Where can I find a spiritual leader to study under?


Last Updated: 2 years

My guess is that you receive dozens upon dozens of emails from people searching for cure alls…I’m 37 and have found a point in my life where I have found that modern technology, medicine and Spirituality just don’t fit my needs.

My goal, although rather simple is proving difficult. I’m hoping to find a tribe of Midewiwin / Ojibwa, more so an Elder or Spirital Healer to learn more from.

Although modern world “rules” tend to look the other way, I want to look into the eyes of those who have kept the ways of old alive. All I’m looking for is a contact name and location.

I’ll travel wherever and whenever to have the opportunity to “take a step back” to go forward. Some things are no longer produced such as our dear natural resources that mother earth provides us. I don’t see new earth being created yet I see construction (which leads to destruction) everywhere.

My goal is to learn more of Spirituality and Native American medicine. Not to profit, but to expand my knowlegde and share with my family. My beliefs would never allow me to abuse anything gained from such an encounter. I’m not the person looking to profit monetarily. Items of intrinsic value do not appeal to me. Learning and expanding my mind does.

I sincerely hope you may be able to assist me in locatiing what I am looking for…please don’t simply delete this email. I promise you my desire is sincere.

–Submitted by Dan B.


While I know medicine people from many tribes, I don’t personally know any Ojibwa medicine people. Even if I did, I probably wouldn’t provide an introduction over the internet. But you seem sincere, so here are a few words of advice. I don’t mean to offend you, but I must speak bluntly in order to answer your question.

First, let me tell you where you won’t find spiritual leaders you can trust and learn from.

You are correct, spirituality should never be sold for profit. That’s one of the golden rules. So the people you find on the internet who are selling seminars on spiritual subjects and native ways, spiritual objects that are supposedly blessed, who charge a fee or “donation” to let you participate in a retreat involving ceremonies such as sweat lodges, vision quests, and dances, or who sell “magic” spells or instructions telling you how to do native ceremonies, are most likely not real medicine people.

Most real medicine people won’t even call themselves medicine men or women, although other people will call them that. Be wary of anyone who calls himself or herself a medicine man and asks for money to teach you what they know.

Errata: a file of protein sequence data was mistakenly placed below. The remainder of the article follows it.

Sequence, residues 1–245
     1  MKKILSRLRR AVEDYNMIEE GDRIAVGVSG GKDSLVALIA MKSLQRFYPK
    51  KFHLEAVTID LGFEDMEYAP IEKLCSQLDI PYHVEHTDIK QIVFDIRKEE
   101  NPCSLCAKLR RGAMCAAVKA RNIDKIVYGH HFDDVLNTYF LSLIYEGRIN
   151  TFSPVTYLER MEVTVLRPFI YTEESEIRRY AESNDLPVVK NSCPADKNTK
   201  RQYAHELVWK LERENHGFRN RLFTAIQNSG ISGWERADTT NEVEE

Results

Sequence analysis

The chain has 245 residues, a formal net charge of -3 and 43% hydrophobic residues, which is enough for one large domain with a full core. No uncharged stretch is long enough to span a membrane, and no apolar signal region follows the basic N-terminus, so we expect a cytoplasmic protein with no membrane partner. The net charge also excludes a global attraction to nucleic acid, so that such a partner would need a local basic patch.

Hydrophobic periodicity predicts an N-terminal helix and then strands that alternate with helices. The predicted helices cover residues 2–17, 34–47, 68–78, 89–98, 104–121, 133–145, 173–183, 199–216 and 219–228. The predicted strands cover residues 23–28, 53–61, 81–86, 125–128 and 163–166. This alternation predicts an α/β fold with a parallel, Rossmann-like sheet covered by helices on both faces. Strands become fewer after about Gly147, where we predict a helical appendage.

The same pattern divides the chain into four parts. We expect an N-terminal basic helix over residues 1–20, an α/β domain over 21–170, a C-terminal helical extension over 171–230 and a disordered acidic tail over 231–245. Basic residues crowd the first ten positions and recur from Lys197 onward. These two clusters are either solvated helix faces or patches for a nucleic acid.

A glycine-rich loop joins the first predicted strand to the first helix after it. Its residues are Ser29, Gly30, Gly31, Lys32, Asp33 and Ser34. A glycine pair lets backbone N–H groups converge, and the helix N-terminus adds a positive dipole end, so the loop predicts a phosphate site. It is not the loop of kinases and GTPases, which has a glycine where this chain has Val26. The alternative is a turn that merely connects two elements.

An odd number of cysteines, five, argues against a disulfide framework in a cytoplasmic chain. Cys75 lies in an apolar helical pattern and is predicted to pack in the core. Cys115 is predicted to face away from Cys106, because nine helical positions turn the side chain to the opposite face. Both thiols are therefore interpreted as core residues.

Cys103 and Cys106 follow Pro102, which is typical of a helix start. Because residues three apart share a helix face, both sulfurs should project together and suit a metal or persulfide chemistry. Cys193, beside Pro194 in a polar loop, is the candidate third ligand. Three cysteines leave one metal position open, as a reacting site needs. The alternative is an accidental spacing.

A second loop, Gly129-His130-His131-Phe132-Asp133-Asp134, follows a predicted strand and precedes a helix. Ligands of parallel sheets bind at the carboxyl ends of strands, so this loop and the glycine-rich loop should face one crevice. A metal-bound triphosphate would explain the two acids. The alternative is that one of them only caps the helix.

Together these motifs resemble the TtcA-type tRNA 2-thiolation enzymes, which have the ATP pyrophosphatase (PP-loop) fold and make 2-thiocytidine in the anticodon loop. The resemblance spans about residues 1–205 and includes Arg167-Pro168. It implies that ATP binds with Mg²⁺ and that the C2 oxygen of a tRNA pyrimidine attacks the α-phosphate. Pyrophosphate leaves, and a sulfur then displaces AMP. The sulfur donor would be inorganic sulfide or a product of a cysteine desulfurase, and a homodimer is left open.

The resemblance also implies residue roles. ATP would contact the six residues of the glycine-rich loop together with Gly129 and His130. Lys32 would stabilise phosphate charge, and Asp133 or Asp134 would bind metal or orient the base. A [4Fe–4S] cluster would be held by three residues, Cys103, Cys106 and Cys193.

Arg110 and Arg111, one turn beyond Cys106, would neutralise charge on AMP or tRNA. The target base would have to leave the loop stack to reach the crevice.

A person who has rediscovered their Indian heritage as an adult is a seeker, not a teacher. They are not qualified to speak authoritatively about Native American religion or culture, for they weren’t raised that way and don’t have any more knowledge about it than anyone else learning about it second-hand–including you.

There are no shamans in the native american cultures, so when a guru calls him/herself a shaman and also calls their religion native american spirituality, that should set off loud bells in your warning system. Shamanism is a Siberian mystic tradition.

While most medicine men are also healers, well versed in the plants that heal, not all healers are medicine men. We call those people herbalists in the modern world.

Like the physician’s oath, another rule of true medicine people is to do no harm. When people dabble in ceremonies they don’t fully understand, or only have partial knowledge of, or they’ve been misinformed about, or do them out of sequence or at the wrong time, or for wrong reasons, (like for personal gain or for personal recognition,for example), bad things can be unleased not just on you, but on the whole world, instead of the good that is sought. So be very careful who you trust.

Don’t participate in ceremonies you don’t fully understand. Don’t blindly believe what one person tells you unless you can verify the information with other sources not connected to that person. Especially if they proclaim themselves to be medicine people.

You can’t become a catholic priest or buddhist monk in a week or weekend, so don’t believe you can become a medicine man on one of those retreats. It takes years to study to be a medicine man. In fact, it’s a lifelong learning experience.

If you are reading this page because you are a person in need of religious and spiritual guidance, I urge you strongly to seek out some religions that are evangelistic rather than cultural (one of the many Christian churches, Buddhism, Baha’i; there are many choices) and talk to spiritual leaders from those faiths until you find one that can help you.

Many medicine men today are also members of those evangelistic religions while still practicing native american spirituality. Falling under the influence of a false ‘shaman’ will only hurt you spiritually, not enlighten you.